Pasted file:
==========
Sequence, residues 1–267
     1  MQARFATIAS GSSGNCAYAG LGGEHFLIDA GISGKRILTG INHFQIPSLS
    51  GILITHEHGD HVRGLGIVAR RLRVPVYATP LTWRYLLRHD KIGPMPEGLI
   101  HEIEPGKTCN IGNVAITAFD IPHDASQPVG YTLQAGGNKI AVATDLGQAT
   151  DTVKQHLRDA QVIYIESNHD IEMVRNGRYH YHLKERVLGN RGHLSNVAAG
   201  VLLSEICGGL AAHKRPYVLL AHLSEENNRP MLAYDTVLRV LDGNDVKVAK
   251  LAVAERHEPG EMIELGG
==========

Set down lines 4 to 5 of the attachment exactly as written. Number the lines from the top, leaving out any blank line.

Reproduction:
   101  HEIEPGKTCN IGNVAITAFD IPHDASQPVG YTLQAGGNKI AVATDLGQAT
   151  DTVKQHLRDA QVIYIESNHD IEMVRNGRYH YHLKERVLGN RGHLSNVAAG